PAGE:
encounter youth concert event

Schoolies – what you need to know

After a year of stress and challenges, young people leaving school will be ready to put 2021 behind them and celebrate the end of school.

Schoolies (school leaving celebrations)

This years’ schoolies/leavers celebrations will be looking different to previous years, with the effects of the COVID-19 pandemic still being felt across Australia.

Many popular locations may have made changes to their usual events, with some young people are looking to celebrate at home or in public spaces. There may be less volunteers and support programs available to look after young people to make sure they are having a safe and enjoyable experience.

To help keep young people safe during their end of year celebrations and minimise harm from alcohol and other drugs, the Alcohol and Drug Foundation has compiled a list of resources and articles to help guide parents and communities.

Information for you and your teenager

If you have young people at home who are finishing school, the articles below will help you feel more informed to make sure that your children are equipped to have a safe and fun celebration. We encourage you to share this information with your teenagers use the information to feel confident to have the conversation around safe partying.

  • Staying safe on schoolies. It’s an exciting time to get together with friends and relax, but it is also important to be aware of reducing the harms you may encounter, so you can celebrate safely. This article may be especially helpful for young people who are able to travel safely under COVID-19 restrictions.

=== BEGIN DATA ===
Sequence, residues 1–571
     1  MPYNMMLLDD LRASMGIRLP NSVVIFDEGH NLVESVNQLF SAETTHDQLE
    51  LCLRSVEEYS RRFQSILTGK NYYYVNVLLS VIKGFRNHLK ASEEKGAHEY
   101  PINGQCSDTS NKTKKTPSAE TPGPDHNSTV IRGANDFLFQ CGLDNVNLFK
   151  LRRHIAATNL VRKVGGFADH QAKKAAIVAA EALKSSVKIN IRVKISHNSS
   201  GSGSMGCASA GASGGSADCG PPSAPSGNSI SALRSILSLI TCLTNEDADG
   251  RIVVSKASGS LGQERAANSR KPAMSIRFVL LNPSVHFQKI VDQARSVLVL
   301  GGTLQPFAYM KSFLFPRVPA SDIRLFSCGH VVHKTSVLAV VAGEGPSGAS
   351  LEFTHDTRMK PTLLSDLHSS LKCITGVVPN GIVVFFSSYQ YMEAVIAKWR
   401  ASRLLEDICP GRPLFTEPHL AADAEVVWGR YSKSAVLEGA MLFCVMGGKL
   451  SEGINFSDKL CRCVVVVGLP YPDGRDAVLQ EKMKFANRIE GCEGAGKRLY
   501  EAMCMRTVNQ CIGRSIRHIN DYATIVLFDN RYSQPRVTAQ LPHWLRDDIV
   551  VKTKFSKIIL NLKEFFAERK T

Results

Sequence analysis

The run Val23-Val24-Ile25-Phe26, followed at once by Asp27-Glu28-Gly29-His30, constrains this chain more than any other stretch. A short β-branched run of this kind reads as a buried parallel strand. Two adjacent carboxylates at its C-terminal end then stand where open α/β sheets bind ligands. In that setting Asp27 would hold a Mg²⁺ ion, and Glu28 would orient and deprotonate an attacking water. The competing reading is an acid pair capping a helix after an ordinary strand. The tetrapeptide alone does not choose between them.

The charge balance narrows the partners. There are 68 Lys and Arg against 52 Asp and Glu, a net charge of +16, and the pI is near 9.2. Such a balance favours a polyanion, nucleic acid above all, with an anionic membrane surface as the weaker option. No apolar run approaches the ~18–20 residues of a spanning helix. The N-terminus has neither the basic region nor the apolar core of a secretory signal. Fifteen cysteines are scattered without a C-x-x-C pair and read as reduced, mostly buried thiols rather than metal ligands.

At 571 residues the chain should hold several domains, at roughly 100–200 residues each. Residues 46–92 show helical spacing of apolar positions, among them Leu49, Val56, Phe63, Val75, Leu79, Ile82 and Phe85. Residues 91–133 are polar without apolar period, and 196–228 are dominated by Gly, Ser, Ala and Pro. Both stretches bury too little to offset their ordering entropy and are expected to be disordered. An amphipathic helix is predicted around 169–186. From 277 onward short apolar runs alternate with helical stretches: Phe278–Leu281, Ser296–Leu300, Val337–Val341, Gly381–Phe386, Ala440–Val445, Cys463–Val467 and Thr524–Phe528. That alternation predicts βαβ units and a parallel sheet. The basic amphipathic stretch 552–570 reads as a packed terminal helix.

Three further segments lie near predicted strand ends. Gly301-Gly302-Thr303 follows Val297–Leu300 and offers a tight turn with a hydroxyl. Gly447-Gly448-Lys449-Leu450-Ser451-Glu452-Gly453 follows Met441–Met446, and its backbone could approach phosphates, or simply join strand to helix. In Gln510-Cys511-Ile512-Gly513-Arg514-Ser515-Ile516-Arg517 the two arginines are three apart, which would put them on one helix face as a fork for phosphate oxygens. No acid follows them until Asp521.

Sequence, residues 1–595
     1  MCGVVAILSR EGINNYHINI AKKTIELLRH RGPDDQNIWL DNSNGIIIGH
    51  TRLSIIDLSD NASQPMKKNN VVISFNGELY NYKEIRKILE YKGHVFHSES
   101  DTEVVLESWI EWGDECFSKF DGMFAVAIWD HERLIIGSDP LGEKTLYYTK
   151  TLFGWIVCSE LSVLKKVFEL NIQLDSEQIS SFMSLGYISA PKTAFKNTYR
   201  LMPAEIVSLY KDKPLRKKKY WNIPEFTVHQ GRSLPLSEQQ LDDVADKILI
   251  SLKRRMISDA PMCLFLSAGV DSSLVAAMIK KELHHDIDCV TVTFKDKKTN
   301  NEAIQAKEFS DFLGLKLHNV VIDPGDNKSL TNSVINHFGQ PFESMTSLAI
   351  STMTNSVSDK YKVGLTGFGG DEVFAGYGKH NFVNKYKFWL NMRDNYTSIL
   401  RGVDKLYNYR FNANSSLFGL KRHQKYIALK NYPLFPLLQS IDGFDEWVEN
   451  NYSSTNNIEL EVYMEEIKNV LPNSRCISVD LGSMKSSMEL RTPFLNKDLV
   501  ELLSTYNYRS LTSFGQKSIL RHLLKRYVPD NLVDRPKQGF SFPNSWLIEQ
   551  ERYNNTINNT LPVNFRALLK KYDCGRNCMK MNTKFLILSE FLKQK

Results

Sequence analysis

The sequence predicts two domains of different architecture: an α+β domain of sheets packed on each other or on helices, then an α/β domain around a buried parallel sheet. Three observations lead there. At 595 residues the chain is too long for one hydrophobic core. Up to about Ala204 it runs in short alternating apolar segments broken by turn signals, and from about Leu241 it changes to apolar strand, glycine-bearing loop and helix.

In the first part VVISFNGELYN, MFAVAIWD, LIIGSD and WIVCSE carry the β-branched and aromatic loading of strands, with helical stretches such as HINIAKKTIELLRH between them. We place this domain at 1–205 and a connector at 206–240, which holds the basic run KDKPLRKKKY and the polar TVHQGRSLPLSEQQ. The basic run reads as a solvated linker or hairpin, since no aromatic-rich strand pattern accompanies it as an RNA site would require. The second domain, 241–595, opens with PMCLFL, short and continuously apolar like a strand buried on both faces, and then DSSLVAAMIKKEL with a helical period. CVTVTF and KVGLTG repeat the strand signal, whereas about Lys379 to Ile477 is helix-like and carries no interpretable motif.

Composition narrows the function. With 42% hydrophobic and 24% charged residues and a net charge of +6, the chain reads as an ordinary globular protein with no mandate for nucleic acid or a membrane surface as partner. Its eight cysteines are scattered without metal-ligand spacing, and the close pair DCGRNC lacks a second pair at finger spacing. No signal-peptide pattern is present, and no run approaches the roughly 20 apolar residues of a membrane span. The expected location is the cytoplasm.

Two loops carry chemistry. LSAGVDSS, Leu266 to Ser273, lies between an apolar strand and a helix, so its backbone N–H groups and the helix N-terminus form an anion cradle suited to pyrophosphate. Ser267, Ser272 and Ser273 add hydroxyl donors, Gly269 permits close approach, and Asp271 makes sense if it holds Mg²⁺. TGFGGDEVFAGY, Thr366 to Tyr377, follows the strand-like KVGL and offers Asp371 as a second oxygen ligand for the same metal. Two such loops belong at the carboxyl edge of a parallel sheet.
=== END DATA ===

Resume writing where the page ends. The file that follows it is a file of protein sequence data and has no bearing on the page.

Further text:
• Drugs at schoolies week: Schoolies is all about having a good time and celebrating the end of your school life. Drugs can sometimes be part of these celebrations, so it’s important to know a bit about them so you can make good decisions and help friends who might be in trouble.
  • Reducing the risks of drugs: Even though you may come across drugs at Schoolies, you don’t have to take them in order to have fun.
  • Nitrous oxide – no laughing matter: During the summer season and schoolies celebrations, many young people may consider taking drugs such as nitrous oxide.
  • Drink spiking: Drink spiking occurs when a person deliberately adds alcohol or another drug to a drink without the knowledge of the person who will be drinking it. It is illegal in all states and territories.

  • Red Frogs Australia: The Red Frogs volunteer to keep young people safe as they celebrate at school leaving events. Their website includes information for young people, parents, teachers and volunteers.
  • Text the Effects: a drug information service via SMS.
    Simply text the name of the drug you want to know about to: 0439 tell me (0439 835 563).
  • DrugInfo: Easily access reliable information about alcohol and other drugs by calling or emailing DrugInfo.

Was this page helpful?